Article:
It’s autumn, and acorn squash are in season, delicious, versatile, frugal and fabulous!
Some people find preparing squash daunting. I get it — the rind is hard to cut through and there are all those gooey seeds!
I felt the same way until I learned a few tricks. First, for hard-skinned squash, if you pierce them a few times and microwave for two to three minutes, they’re much easier to cut in half.
Second, everything is easier to cut with a sharp knife. If you can upgrade only one thing in your kitchen, invest in a quality chef’s knife.
Third, to easily remove the seeds, use an ice cream scoop. The sharp edge cuts through the stringy stuff, making removal a breeze. Armed with these tricks, preparing squash becomes a treat.
Sweet or savory? Acorn squash can be prepared either way, and both are wonderful. For a sweet squash, rub the exposed surface of the squash with butter and sprinkle with a little salt. Place a 1/2 tablespoon each butter and brown sugar (or more, I won’t tell) in the center and roast, uncovered. You also could add maple syrup, cinnamon or pumpkin pie spice.
For savory squash, brush with olive oil, sprinkle with salt and pepper and roast. Optionally, you can place a little fresh herb (sage, rosemary or oregano) in the center with a pat of butter or splash of oil and roast uncovered.
ROAST ACORN SQUASH
Total Time: 50 minutes
Yield: 1 squash or 2 servings
1 acorn squash
1 tablespoon olive oil or butter, divided
Salt and pepper
Arrange oven rack in the lower-middle position of the oven. Preheat to 400 F. Wash your squash. Working from the tip toward the stem, slice it in half. Scoop out the seeds and place, cut side up, onto a baking sheet or baking dish.
Since the size of squash varies from 2 to 3 pounds, the roasting time will also vary. Check for doneness beginning at 50 minutes. It’s cooked when it’s soft and easily pierced by a fork. When cooked, the squash will have liquid in the center. Let the squash rest to reabsorb that liquid.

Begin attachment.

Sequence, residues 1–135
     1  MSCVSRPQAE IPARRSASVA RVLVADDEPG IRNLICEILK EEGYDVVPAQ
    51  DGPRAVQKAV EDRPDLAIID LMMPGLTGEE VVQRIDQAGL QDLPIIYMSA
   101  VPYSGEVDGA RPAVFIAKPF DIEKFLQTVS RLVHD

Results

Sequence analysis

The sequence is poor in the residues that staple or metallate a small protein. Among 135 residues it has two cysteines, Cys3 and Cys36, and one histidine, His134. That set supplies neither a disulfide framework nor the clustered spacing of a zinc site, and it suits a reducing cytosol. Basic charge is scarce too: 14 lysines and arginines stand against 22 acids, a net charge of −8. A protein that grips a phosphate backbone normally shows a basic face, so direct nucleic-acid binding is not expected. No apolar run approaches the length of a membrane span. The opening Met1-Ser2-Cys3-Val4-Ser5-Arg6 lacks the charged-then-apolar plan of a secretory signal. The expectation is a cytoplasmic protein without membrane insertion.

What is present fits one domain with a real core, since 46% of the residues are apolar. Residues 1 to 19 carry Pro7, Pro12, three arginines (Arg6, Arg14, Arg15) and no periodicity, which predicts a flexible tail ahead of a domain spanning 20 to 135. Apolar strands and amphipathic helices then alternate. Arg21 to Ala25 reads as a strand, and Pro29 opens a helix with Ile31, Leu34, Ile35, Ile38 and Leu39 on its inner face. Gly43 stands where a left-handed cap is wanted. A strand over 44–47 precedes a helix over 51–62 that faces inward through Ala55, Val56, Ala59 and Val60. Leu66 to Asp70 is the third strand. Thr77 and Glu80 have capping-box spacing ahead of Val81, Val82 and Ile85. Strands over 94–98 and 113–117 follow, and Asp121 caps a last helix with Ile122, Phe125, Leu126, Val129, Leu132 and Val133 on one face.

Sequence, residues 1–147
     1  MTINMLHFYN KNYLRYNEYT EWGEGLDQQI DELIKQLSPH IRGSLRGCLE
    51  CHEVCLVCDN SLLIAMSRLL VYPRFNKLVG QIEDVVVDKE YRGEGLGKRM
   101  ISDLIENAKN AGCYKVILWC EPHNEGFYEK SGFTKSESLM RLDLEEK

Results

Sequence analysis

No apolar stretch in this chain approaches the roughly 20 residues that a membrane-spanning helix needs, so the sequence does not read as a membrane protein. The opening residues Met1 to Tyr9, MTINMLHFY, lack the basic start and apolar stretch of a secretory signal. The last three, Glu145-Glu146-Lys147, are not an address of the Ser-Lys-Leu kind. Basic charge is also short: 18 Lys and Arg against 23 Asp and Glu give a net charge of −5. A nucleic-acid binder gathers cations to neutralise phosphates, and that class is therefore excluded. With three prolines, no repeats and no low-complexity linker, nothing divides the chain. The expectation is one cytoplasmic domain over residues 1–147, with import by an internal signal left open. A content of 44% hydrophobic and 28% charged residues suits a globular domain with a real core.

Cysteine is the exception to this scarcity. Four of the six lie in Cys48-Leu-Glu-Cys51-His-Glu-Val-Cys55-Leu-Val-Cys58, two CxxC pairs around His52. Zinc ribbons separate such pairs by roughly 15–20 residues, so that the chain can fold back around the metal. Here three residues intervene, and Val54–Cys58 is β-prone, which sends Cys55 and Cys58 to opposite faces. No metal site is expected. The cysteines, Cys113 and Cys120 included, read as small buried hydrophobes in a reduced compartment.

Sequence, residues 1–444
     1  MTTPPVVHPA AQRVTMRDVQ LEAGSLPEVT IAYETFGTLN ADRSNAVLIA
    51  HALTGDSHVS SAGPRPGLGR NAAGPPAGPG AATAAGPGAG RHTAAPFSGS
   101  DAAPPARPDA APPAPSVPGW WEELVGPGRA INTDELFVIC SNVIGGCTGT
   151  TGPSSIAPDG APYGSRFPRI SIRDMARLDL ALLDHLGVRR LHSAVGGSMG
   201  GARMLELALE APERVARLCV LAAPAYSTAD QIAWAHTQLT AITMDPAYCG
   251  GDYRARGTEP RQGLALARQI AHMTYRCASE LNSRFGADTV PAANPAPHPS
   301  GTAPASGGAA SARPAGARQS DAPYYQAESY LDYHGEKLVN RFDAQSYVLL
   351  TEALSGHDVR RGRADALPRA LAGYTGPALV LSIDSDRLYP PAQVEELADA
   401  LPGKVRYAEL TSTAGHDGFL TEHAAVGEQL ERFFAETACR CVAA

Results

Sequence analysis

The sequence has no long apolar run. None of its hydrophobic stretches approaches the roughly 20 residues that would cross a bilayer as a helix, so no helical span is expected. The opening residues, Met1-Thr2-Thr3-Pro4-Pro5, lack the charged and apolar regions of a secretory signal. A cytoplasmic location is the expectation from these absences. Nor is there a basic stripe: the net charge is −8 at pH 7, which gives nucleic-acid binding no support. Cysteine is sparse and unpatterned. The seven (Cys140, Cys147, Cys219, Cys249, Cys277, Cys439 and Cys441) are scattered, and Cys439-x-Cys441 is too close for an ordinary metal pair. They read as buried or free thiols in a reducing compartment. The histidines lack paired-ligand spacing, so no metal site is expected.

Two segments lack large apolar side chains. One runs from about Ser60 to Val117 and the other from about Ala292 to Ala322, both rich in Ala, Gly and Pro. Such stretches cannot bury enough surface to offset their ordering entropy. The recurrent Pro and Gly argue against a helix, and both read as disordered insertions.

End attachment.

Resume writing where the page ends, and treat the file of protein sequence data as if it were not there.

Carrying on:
To turn a squash into a complete meal, fill the center with stuffing, or stuff the center with filling. I’ll leave that for you to decide. Either way, here’s a master recipe you can vary to your heart’s content to make scrumptious stuffed squash dinners all season long.
MIX AND MATCH STUFFING
1 to 2 cups vegetables
1/2 to 1 cup rice
1/2 to 1 cup cooked protein
1/4 cup optional add-ins
Roast squash according to directions above. While the squash is cooking, prepare your stuffing. Depending on the size of your squash, you’ll want between 2 to 3 cups stuffing. In a skillet, saute 1 to 2 cups mixed diced vegetables, such as onion, garlic, celery, peppers, zucchini, mushrooms, spinach, practically anything. This is a perfect use for leftover veggies.
Add 1/2 to 1 cup cooked white or brown rice. Next, add 1/2 to 1 cup cooked protein to the mix. Examples are any kind of sausage, hamburger, chicken or soy-based vegetable crumbles. Yet another use for leftovers.
Lastly, add optional goodies to customize your dish. You could add cheese (Parmesan, mozzarella, feta, pepper jack), some crunch (nuts, sunflower seeds, pepitas), fresh herbs and dried fruit (raisins, cranberries, apricots). Stir it all together in the skillet. When the squash is cooked, mound the filling into the squash and return to the oven for 10 minutes.
Serve with flourish and devour your ultimate autumn comfort food.
Lifestyle expert Patti Diamond is the penny-pinching, party-planning, recipe developer and content creator of the website Divas On A Dime — Where Frugal, Meets Fabulous! Visit Patti at www.divasonadime.com and join the conversation on Facebook at DivasOnADimeDotCom. Email Patti at firstname.lastname@example.org
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